A nurse that lacks the habit of reading is part of our problem. Nurses with political apathy are our weak points. Remember that Albert Einstein and Dr. Ben Carson where both told they would never amount to anything in life academically, but both have done something that shaped our world. Truth be told, I have never seen a group with low confidence, low ambition and with so much pessimism like African Nurses. This is not an era of shouting and singing “great nurses” everywhere. We have to give ourselves accurate diagnosis before we can come up with appropriate corrective measures that will enable us to thrive. Our profession by her very nature is noble, because it has been given a social contract to heal through art and science of caring. We are the one’s bringing down the reputation of our profession through our intellectual laziness, political apathy, poor professional investment and host of other anti growth attitudes. Of course we cannot indict all African nurses, but majority have not been doing anything to attract honor and glory to our profession. They just want to do their shift and earn salary while hoping for a messiah to drop down from heaven and change the profession. It is only when majority of nurses in African begin to believe that the greatness of our profession lies in their hands that we can begin to see progress. Greatness is earned through hard work, innovation and strong leadership. It is not by complaining and blaming everybody except you. How on earth do you think that doctors would abandon themselves and call you to take over health leadership? They earned whatever they have today. They made sure that the society gives them what they earned and are still telling the society that it is not enough. Hello nurses, NOT ONLY MUST WE EARN OUR OWN PLACE AMONG ELITE PROFESSIONS, IT IS ALSO ON US AND ONLY ON US TO ENSURE THAT THE SOCIETY GIVES US WHAT WE HAVE EARNED AND DESERVED AND WE MUST NOT AT ANY POINT FEEL THAT WE HAVE ARIVED. Growth is a continuous process, whatever stops growing starts dying immediately.
Therefore make up your mind to be the change that African nurses are yearning for today. Identify a problem to solve in nursing and encourage others to do the same. If we do this, in no distant time, we will see African nurses becoming inventors, great writers, great researchers’, great teachers, Presidents, Governors, directors in national and international organizations etc. Individually, our effort will begin to bring changes in nursing and collectively our work will position our noble profession in the hall of fame. The future generation will bless our era for we will live behind a great and lucrative profession whose services have becomes the major life saver in the societies and whose members have changed the social, economic and political fortune of a continent for the better.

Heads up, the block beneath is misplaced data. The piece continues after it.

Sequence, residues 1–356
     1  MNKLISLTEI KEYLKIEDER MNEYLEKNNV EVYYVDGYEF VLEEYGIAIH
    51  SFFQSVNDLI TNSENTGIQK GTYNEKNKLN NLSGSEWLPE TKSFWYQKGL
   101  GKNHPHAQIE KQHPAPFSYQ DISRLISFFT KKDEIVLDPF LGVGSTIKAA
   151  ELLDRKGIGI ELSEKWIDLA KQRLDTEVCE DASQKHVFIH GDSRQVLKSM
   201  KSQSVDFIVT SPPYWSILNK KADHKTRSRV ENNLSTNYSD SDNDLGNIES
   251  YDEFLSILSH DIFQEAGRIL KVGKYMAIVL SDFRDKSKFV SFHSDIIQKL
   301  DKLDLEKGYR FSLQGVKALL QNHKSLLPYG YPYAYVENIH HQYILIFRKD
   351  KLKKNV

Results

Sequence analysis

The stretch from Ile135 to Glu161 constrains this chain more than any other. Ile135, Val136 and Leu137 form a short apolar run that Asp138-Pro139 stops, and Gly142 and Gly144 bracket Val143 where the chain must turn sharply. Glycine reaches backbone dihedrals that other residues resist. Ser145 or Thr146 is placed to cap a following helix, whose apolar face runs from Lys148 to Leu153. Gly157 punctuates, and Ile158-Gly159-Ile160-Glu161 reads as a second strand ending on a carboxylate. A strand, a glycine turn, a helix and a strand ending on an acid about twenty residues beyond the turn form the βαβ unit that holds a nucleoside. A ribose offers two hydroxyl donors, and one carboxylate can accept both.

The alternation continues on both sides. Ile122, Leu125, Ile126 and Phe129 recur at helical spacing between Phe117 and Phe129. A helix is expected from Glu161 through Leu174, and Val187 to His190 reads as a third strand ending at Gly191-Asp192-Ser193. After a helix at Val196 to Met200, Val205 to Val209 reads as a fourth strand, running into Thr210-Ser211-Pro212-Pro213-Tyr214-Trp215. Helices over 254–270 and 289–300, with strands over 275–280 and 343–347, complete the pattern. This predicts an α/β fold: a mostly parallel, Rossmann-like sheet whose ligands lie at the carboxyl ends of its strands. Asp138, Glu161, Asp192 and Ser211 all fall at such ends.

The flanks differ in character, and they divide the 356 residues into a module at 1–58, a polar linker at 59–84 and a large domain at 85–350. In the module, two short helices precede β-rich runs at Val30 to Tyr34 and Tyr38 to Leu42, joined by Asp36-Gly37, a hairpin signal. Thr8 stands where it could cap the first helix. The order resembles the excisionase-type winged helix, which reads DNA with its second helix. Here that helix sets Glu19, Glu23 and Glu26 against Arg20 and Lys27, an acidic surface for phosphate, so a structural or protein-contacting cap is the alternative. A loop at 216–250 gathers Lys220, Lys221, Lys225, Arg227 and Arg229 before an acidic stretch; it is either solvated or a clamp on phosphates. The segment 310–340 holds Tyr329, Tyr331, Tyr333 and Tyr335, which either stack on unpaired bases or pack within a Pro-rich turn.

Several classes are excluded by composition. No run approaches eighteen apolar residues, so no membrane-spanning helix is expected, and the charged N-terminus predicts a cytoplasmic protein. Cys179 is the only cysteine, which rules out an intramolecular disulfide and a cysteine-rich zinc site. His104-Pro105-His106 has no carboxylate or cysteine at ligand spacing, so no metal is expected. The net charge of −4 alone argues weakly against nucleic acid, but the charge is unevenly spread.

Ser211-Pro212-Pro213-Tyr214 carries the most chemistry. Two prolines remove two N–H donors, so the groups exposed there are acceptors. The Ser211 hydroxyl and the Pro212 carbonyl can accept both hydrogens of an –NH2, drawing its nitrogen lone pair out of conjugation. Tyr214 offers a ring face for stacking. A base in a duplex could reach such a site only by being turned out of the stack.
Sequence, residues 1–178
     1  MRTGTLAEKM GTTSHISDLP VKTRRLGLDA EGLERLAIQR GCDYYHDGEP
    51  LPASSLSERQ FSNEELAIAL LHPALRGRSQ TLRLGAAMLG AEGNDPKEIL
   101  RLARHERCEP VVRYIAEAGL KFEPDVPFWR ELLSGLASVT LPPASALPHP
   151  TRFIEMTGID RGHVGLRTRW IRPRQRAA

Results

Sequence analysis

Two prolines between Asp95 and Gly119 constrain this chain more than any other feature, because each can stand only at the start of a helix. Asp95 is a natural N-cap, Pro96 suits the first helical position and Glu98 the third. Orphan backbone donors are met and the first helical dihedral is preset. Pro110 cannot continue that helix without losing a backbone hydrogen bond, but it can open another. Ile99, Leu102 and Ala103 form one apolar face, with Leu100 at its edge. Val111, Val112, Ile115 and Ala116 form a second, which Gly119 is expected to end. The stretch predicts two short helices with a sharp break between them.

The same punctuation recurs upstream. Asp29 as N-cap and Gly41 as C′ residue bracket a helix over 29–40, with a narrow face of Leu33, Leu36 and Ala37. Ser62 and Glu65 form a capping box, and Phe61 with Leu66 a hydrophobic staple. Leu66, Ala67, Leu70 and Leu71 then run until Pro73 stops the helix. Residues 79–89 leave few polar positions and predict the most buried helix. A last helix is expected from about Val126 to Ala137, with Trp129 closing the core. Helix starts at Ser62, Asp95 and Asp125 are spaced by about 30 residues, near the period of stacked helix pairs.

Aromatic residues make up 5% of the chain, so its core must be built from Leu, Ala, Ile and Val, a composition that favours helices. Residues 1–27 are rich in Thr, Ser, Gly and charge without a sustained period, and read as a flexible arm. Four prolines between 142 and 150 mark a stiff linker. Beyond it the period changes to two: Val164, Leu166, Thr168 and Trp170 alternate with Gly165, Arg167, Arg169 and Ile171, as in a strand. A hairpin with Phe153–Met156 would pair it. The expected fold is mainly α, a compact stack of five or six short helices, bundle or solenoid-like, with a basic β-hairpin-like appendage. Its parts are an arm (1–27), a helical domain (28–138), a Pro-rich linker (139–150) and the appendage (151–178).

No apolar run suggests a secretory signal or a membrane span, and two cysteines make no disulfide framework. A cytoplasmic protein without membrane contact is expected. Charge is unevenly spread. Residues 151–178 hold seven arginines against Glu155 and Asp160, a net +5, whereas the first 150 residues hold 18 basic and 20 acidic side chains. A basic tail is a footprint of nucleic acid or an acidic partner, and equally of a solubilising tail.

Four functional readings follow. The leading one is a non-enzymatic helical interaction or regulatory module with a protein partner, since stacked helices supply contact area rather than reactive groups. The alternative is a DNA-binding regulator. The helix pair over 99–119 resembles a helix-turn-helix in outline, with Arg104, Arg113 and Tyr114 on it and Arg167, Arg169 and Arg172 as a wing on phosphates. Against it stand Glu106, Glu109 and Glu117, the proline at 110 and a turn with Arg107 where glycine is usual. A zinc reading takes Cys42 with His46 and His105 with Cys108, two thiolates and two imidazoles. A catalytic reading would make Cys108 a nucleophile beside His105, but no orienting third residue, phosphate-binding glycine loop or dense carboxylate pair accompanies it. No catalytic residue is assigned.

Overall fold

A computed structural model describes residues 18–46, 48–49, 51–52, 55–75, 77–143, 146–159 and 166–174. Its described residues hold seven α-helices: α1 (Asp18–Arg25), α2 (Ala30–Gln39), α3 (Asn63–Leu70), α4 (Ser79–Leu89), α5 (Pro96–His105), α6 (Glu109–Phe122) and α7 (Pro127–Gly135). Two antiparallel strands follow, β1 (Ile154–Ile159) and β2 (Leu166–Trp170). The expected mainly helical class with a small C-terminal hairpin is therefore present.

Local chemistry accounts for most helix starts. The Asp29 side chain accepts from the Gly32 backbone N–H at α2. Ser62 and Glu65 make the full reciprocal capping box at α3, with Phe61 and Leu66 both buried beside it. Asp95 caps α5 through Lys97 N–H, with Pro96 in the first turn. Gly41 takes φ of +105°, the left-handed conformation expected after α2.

Editors Note: This piece was written a while ago. We just felt to share it again.



Lead Nurse Africa is a Pan-African nursing organization dedicated to public health promotion and professional development.


  1. Thanks so much for the stimulating article. Beyond the call for action on the part of African nurses, the questions for personal assessment in the article also serve as a guide on how we can contribute to making the change we want to see. As mentioned, society stands in respect for people in certain professions( those mentioned) because of the hard work and sacrifices of the members, and the breakthroughs that such professions have wrought. Particularly in Africa, some of these professions are so highly respected by the public and nursing/nurses may not be so highly esteemed.

    As a nurse in Africa, there are times I wonder whether I should continue and progress along my nursing career or I should change profession. Such thoughts are usually banished by my belief in the potential of nursing in my country and Africa, the opportunity I have to contribute in elevating nursing to the heights attained by other countries, and the unique service that nursing offers humanity.

    Nursing in our respective countries and Africa as a whole may not have reached a level comparable to nursing in USA, Canada or Australia , but what does this mean for us as today’s African nurses ? It means much is unknown for our context and therefore greater opportunity to leave our mark by being discoverers, innovators, and inventors.

    I believe that by reflecting on the article by Collins Ndubuisi and assessing ourselves individually with the questions in the article, together with the attitudinal change, we will be on our way to changing the world.

  2. its so motivating, thank you so much for this article. I know Nursing in Africa is undergoing transformation now. Yes, it is. Gradually, the change will come.
    Though, more efforts are required. I believe this starts from the point where we are working to the outside world. BE AN AGENT OF CHANGE WHEREVER YOU ARE, AT WORK PLACES, OFFICES etc.